Greater Sudbury’s Cycling Grannies | Sudbury Star

They have been around for nearly 10 years, advocating for cycling infrastructure, as well as improved safety for pedestrians and cyclists

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All roads lead to the bench.

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After talking about it for years, Janet Spergel, a member of the Cycling Grannies squad, finally organized a fundraising drive earlier this year to install a bench at the top of a beloved trail in the Lake Laurentian Conservation Area.

“In January, I was out snowshoeing on the trails here at the conservation area, and I thought, ‘why don’t we do it’?” Spergel said Tuesday, after the hilltop installation was complete.

While the location of the bench is not terribly accessible to cyclists, the grannies also hike and snowshoe together.

Spergel sent an email to her crew and within a couple of months, the group raised the $2,500 they required for the bench, as well as about $100 more, which they donated to Conservation Sudbury.

“The conservation foundation accepted the money and we support the trail system and the programming that happens here at the Lake Laurentian Conservation Area,” Julie Houle, director of advancement with the Nickel District Conservation Foundation, added. “The bench is recycled plastic and metal, and it is pinned into place, so it’s not going anywhere.”

The bench was crafted to withstand the elements.

It is located at the apex of Mount Ramsey, which overlooks its namesake lake, as well as the conservation area. Park at the bioski cottage and follow the beaver pond trail (the red trail on Conservation Sudbury trail maps) to the Mount Ramsey trail (yellow). Stay on that trail until you spot the lookout with the 360-degree view.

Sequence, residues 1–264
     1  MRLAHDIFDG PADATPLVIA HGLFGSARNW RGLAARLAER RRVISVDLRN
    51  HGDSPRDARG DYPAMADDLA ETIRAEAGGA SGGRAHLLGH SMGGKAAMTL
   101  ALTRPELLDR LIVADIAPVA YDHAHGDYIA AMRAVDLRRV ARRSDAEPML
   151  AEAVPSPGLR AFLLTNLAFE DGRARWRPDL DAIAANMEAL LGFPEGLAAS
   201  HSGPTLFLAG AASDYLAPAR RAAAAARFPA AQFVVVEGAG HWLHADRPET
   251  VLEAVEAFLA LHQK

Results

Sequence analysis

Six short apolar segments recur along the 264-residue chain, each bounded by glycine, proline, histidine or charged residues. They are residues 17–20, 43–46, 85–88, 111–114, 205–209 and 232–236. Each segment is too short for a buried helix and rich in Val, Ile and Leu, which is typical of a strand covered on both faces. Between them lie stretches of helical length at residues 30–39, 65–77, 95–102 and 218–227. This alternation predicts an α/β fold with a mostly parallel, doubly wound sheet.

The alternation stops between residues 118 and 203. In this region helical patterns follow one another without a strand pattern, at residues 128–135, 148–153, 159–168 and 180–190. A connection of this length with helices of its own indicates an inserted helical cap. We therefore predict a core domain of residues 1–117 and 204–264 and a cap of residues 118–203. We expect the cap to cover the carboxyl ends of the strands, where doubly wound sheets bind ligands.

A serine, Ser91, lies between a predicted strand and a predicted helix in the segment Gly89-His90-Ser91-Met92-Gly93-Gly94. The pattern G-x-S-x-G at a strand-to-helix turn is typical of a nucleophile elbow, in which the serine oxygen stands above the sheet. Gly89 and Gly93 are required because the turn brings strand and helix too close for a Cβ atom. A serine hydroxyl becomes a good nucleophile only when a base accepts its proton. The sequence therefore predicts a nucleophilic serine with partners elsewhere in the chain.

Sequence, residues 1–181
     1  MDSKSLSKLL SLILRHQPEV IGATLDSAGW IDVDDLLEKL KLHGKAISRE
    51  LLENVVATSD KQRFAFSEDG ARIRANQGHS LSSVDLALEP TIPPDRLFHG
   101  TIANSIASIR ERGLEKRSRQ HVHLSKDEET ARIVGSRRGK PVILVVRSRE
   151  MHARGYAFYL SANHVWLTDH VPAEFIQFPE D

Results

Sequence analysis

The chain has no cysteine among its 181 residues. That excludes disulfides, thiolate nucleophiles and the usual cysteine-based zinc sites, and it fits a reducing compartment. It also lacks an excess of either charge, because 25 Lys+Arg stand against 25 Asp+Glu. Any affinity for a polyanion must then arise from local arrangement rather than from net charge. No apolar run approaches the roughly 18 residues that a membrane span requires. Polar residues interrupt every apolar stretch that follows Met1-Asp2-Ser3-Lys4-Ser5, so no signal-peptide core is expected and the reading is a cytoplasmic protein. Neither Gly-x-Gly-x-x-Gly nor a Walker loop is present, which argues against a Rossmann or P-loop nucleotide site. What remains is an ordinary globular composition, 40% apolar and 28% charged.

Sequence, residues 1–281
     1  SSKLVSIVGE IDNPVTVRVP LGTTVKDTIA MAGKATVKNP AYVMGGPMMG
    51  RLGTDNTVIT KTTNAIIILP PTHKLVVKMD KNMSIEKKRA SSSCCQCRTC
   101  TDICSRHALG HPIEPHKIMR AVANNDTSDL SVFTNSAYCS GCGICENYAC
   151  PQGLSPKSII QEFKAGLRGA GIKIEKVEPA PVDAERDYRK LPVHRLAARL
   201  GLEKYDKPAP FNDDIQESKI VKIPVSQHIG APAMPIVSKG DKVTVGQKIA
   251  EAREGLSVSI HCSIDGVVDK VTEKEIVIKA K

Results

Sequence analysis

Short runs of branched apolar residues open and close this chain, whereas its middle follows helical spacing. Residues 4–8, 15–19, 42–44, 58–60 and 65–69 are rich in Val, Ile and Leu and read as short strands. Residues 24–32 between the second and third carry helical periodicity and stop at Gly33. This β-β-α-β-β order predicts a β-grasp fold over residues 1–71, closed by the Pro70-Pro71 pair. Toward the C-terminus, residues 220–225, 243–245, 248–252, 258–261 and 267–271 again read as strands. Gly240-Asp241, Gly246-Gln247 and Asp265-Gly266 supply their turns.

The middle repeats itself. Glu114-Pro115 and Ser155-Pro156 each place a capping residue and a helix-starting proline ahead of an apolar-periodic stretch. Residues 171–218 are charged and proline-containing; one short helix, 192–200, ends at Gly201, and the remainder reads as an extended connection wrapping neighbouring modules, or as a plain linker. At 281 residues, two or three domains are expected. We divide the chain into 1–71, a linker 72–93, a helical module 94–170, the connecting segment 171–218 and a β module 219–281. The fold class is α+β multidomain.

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There are now three snowshoe trails that lead to the bench. Two are accessible during the summer, but the third traverses a marsh, so is best left to the winter months.

“All roads lead to that particular bench,” Spergel quipped. “There are other benches along the way, but we wanted to share with the whole community this view and the feeling of being at one with nature. Having this conservation area within city limits is a blessing for all of us.”

Once you spot the bench, take a seat and enjoy the landscapes.

“Every time we’ve snowshoeed or hiked up there, the view is incredible. You can see all the way back to the bioski chalet. You can see pretty much all of Ramsey Lake, and you can see the marsh on the east side,” Spergel said. “From that viewpoint, you feel at one with nature. It’s just so beautiful.”

The Cycling Grannies have been around for nearly 10 years, advocating for cycling infrastructure, as well as improved safety for pedestrians and cyclists. Long before there was a bikeway along Notre Dame Avenue, the grannies were creating space for cyclists of all ages throughout Greater Sudbury.

As Spergel noted, the group started small – just four women who enjoyed cycling together – but over the years, it has ballooned and there are now 50 members. They try to get together twice a week on bikes or snowshoes, or in their hiking boots.

“Often, we’ll get 20 cyclists out at a time,” Spergel said. “Not quite so many hikers, but we have had 20 hikers on occasion.”

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Group activities are important, especially as people age. In addition to promoting health, Spergel, a retired nurse, said riding with her crew promotes camaraderie and friendship, and supports mental health.

“Once we leave our careers behind, we need that link with other people and other opinions, and we need that communication and friendship,” she said. “It’s important to keep active because if we don’t, we lose our mobility. That is why we cycle and snowshoe in the winter, and hike. It’s about mental well-being.”

Spergel said Ramsey Lake is a jewel – “who else has a lake this big within the city itself?” – and a recreational paradise perfect for paddlers, swimmers, fisherfolk and skaters.

“It’s a playground,” she said. “Who else has this? Who else has 330 lakes within city limits?”

Spergel said there is something special about the Lake Laurentian Conservation Area. For one thing, it is within city limits, but there is also great diversity to be experienced.

“There’s so much to see,” she said. “The viewpoints are high; there’s marsh, there are a lot of birds and beavers. It brings you really close to nature.”

mkkeown@postmedia.com

Twitter: @marykkeown

Facebook: @mkkeown

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